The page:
the gas concentration sensor is an oxygen responsive type sensor disposed in an engine exhaust to detect an air-fuel ratio of mixture supplied to the engine;
the heater control means includes full turn-on means for initially setting the duty-cycle ratio of electric power supplied to the heater to 100% at engine start;
the heater control means includes initial value detecting means for detecting heater voltage and current before starting heater turn-on by the full turn-on means, and then for detecting heater voltage and current after starting heater turn-on; and
the trouble discriminating means detects trouble in accordance with the voltages and currents detected by the initial value detecting means.
7. The apparatus of claim 6, wherein:
the heater control means includes setting means for setting a control duty-cycle ratio so as to stop the heater on-state for a minimum time in which the heater voltage and current can be detected when the occurrence of the trouble is detected in accordance with the voltages and currents detected by the initial value detecting means; and
the trouble discriminating means includes final means for finally determining occurrence of trouble when the heater on-state is controlled at the control duty ratio which is set and the occurrence of trouble is continuously detected for a predetermined time.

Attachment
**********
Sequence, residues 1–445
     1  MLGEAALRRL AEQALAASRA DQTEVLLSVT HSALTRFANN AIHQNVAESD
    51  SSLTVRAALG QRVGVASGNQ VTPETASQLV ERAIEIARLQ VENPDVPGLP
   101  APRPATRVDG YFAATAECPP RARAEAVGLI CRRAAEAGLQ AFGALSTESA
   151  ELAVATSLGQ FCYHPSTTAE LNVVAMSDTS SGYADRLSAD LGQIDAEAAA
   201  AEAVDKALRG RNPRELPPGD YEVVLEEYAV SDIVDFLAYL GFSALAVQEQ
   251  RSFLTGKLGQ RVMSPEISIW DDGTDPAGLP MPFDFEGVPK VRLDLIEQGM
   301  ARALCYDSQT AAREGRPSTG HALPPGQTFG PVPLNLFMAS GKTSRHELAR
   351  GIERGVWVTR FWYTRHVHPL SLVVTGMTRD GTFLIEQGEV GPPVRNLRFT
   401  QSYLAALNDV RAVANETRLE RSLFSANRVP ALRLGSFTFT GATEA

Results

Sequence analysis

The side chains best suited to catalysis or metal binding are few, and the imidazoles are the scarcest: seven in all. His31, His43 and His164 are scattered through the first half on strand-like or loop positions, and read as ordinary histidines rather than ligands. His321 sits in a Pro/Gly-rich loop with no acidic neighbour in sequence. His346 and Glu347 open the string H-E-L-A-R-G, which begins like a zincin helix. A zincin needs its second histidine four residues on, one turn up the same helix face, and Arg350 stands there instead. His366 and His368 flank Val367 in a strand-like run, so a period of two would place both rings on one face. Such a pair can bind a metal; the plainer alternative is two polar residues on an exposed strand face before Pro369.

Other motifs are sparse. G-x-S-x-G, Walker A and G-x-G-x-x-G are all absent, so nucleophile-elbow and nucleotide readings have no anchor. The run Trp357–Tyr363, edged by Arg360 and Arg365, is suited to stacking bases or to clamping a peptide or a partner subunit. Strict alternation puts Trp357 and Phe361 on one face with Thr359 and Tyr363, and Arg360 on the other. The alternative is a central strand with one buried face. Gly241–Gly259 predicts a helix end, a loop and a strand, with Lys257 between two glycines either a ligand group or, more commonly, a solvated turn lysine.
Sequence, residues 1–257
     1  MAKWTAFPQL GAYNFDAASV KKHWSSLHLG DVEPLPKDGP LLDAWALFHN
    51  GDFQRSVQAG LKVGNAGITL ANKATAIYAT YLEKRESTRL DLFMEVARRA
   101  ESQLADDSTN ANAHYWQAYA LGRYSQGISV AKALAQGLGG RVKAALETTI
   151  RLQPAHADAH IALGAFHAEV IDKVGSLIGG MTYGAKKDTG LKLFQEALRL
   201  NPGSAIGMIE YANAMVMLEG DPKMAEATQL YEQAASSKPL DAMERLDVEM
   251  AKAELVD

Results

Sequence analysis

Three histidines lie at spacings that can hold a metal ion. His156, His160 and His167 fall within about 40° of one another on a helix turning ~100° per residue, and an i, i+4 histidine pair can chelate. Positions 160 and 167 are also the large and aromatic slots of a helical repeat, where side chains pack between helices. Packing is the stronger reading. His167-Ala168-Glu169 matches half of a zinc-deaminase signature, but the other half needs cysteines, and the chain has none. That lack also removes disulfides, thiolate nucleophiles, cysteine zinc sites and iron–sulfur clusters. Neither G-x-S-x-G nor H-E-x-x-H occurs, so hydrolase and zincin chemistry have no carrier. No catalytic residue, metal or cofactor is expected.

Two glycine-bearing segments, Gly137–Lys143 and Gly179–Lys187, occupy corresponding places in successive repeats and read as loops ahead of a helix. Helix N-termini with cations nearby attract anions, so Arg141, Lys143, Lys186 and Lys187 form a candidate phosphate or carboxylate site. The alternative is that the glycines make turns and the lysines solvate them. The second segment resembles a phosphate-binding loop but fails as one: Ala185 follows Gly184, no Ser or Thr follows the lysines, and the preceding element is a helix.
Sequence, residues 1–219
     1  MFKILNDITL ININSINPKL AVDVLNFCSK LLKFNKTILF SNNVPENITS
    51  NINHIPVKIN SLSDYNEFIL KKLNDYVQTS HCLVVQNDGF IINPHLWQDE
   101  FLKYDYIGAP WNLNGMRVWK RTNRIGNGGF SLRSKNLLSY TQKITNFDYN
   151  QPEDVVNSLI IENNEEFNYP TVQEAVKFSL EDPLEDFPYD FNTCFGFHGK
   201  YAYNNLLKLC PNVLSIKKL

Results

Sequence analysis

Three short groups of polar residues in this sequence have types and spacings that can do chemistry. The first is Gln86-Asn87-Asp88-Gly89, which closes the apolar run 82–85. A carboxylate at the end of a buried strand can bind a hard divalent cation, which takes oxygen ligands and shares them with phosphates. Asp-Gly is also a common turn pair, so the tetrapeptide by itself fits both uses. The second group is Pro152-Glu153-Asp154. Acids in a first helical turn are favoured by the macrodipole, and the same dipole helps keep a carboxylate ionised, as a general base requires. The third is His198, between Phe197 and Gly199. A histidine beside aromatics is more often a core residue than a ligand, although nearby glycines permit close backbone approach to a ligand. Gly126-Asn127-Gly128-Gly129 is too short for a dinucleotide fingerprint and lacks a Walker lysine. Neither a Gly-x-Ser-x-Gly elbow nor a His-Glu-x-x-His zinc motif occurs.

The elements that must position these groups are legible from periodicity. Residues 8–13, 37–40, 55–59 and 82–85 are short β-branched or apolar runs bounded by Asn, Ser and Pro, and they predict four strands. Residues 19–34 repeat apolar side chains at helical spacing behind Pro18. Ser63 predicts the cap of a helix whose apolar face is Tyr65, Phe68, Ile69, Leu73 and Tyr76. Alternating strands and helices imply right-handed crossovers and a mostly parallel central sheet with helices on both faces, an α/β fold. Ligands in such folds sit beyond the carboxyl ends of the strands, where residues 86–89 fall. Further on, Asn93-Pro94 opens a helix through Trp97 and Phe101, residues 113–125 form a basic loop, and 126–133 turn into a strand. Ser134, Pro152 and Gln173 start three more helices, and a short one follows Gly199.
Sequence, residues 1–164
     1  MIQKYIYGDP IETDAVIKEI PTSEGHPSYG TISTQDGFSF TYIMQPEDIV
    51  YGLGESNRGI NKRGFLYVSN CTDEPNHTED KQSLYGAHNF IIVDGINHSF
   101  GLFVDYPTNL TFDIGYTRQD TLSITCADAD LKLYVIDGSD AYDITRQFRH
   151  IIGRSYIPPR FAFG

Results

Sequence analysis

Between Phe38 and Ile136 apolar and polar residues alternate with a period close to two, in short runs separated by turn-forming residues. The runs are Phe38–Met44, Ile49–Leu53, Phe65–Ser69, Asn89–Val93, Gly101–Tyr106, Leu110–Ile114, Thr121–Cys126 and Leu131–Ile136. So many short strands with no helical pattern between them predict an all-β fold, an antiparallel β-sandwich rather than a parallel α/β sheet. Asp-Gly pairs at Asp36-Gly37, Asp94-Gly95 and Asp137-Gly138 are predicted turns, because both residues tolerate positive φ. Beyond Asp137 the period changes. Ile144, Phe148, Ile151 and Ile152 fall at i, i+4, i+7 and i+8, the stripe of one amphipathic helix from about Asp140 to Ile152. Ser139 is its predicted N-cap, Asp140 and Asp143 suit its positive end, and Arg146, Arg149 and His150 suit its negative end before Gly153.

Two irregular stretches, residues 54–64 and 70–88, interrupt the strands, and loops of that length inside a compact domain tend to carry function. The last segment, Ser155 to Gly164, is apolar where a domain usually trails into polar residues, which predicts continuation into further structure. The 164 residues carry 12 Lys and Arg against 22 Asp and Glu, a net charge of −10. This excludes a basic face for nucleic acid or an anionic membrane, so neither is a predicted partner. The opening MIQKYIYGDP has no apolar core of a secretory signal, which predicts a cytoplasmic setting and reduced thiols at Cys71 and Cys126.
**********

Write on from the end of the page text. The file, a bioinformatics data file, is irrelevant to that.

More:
8. The apparatus of claim 1, wherein:
the heater control means includes limit means for limiting the duty-cycle ratio to a predetermined lower limit guard value or an upper limit guard value.
9. A method of detecting trouble in a heater control system for a gas concentration sensor, the heater control system having a heater attached to the gas sensor and heater control means for turning electric power supplied to the heater on and off at a predetermined control duty-cycle ratio, the method comprising the steps of: